Dopamine and Schizophrenia


No one knows exactly what causes schizophrenia, although it is becoming clearer that there is probably not just one explanation--rather, most experts believe that there are several factors involved in the development of the disease. A number of scientists think that one of these factors may have to do with the amount of dopamine present in the brain.

The Dopamine Hypothesis

The dopamine hypothesis of schizophrenia states that symptoms of schizophrenia are caused by an overactive dopamine system within the brain. Positive schizophrenia symptoms, in particular, are thought to be cause by an overabundance of dopamine.

Scientific Support for the Dopamine Hypothesis

There is a lot of evidence that supports the dopamine hypothesis of schizophrenia. Some of the best support comes from studies of people who abuse amphetamines, as high doses of amphetamines increase levels of dopamine in the brain and cause symptoms similar to schizophrenia. Drugs that block this “amphetamine psychosis” also reduce symptoms of schizophrenia, while amphetamines themselves make symptoms worse.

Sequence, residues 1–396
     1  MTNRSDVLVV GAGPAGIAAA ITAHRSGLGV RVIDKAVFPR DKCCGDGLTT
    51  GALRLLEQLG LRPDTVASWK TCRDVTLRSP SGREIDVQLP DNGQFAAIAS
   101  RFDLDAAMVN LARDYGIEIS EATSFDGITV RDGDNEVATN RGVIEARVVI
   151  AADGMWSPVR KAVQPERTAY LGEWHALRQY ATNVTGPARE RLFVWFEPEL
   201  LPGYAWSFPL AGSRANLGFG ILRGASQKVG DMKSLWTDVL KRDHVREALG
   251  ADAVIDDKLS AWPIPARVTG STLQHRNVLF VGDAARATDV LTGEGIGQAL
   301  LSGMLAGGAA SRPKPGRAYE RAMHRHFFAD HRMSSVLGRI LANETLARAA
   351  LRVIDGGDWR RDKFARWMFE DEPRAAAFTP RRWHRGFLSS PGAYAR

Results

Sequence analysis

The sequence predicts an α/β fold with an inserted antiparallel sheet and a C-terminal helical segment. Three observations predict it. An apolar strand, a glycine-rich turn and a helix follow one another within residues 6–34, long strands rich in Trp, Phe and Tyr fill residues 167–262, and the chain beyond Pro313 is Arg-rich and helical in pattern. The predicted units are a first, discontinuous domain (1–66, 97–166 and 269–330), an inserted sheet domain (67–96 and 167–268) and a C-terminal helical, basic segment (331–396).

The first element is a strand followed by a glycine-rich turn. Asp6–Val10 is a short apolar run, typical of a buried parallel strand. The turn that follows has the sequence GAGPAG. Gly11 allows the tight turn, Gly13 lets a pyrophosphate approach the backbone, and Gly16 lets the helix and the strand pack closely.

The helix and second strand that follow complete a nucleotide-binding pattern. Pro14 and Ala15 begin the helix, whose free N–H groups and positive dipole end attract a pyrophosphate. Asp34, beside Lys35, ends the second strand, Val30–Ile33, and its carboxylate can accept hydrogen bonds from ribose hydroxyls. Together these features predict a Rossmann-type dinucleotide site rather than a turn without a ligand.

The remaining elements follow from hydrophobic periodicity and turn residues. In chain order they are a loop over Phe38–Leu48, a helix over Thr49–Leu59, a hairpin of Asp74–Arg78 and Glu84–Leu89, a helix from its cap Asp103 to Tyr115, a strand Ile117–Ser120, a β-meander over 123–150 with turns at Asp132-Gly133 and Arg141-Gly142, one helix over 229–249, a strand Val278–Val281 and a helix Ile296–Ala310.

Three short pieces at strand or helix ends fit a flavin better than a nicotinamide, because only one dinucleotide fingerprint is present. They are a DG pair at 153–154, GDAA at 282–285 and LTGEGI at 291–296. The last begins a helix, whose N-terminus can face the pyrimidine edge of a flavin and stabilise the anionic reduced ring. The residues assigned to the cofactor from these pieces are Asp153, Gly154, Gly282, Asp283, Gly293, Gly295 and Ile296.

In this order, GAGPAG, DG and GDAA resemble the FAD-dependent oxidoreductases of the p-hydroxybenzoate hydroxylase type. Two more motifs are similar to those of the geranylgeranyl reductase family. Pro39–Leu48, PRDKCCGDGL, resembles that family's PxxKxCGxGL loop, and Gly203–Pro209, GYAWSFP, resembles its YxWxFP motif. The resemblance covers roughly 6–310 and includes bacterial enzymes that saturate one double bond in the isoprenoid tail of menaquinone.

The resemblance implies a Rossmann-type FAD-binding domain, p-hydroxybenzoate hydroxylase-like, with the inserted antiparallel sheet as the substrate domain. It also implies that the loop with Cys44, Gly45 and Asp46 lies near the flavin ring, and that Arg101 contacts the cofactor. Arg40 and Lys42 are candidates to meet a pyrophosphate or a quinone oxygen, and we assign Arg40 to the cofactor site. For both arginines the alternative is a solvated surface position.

Other evidence in favor of the dopamine hypothesis includes the fact that some of the most effective drugs for treating schizophrenia are those that block dopamine receptors in the brain. In addition, research has found that children at risk for schizophrenia have abnormal brain wave patterns that are similar to those of adult schizophrenics, and taking drugs that block dopamine receptors reduce these abnormal patterns in children.

Evidence Against the Dopamine Hypothesis

The evidence in support of the dopamine hypothesis isn’t conclusive, and there is additional evidence that raises some questions about the role dopamine plays in schizophrenia. One important thing to note is that amphetamines and some effective schizophrenia drugs alter levels of other neurotransmitters in addition to affecting dopamine, meaning that their effect on schizophrenia symptoms may not be strictly linked to dopamine levels. Another question is raised by the fact that dopamine-blocking drugs work to reduce dopamine levels immediately, but it can take days for symptoms of schizophrenia to improve. If dopamine levels are directly responsible for schizophrenia symptoms, one would assume that symptom improvement would begin immediately.

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